Objectives To undertake a baseline study of the management of anticoagulants in order to allow later comparison of the impact of the National Patient Safety Agency (NPSA) patient safety alert (including a new patient held record) published in April 2007.
Methods A multimethod study comprising semistructured interviews in 20 acute trusts and a telephone/email survey of general practitioners (GPs).
Results The authors found a high degree of consensus concerning a number of problems in the management of anticoagulation services. Consultant haematologists and chief pharmacists expressed concern about the level of competence of junior medical and nursing staff and the quality of patient discharge from general inpatient wards. Patients were regularly discharged before being stabilised on Warfarin, pre-discharge information was not always given, patient-held records were not reliably completed nor follow-up arrangements made. At the ward level, there was some confusion about the responsibility for completing the yellow book on discharge and little awareness of the role of GPs in providing a monitoring service. GPs were largely dissatisfied with the quality of discharge information.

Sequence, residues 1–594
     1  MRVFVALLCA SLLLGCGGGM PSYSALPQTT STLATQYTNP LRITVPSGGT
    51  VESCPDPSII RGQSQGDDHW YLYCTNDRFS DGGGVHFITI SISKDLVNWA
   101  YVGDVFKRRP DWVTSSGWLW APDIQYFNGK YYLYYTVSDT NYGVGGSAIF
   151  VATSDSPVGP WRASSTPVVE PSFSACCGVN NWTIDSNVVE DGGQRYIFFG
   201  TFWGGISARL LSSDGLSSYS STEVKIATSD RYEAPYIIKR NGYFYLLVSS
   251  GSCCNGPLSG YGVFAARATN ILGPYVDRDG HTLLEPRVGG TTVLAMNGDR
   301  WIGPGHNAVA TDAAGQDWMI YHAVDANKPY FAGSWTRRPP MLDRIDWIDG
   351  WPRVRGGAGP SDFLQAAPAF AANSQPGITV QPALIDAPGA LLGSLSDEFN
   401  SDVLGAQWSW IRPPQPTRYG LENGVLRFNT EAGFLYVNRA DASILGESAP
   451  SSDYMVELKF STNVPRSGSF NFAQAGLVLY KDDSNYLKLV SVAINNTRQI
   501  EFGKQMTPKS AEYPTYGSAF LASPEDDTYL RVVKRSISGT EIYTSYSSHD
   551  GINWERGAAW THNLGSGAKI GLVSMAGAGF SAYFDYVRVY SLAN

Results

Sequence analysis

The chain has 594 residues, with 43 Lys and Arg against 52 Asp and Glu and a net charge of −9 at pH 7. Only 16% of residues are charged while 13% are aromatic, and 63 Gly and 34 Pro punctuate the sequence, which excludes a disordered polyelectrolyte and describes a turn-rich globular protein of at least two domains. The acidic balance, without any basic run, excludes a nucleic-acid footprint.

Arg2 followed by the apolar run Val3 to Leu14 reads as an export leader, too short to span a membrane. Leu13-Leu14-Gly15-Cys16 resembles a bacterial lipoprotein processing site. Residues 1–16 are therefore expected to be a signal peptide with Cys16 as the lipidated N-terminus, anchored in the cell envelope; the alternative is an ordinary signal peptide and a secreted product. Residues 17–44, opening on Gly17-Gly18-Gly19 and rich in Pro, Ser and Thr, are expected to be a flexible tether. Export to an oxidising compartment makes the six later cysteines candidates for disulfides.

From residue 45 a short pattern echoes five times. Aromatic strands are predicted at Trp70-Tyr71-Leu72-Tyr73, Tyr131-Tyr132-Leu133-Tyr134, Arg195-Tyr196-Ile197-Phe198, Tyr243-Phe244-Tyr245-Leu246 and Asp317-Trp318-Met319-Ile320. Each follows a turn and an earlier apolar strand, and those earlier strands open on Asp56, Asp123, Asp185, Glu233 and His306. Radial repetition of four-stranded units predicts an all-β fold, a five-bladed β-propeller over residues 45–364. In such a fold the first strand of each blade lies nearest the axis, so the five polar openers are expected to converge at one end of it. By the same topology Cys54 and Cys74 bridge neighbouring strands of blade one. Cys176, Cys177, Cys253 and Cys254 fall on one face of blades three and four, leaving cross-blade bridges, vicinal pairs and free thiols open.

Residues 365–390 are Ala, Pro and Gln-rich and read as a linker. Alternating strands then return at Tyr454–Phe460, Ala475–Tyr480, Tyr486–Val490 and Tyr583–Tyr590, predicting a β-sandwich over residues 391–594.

Conclusion The baseline data present a significant cause for concern in the management of warfarin prior to the publication of the NPSA safety alert.
- Patient safety
- medication management
- medicines reconciliation
- anticoagulant management
- medical education
- medication safety
- quality of care
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Funding This research was funded by the National Patient Safety Agency.
Competing interests None.
Provenance and peer review Not commissioned; externally peer reviewed.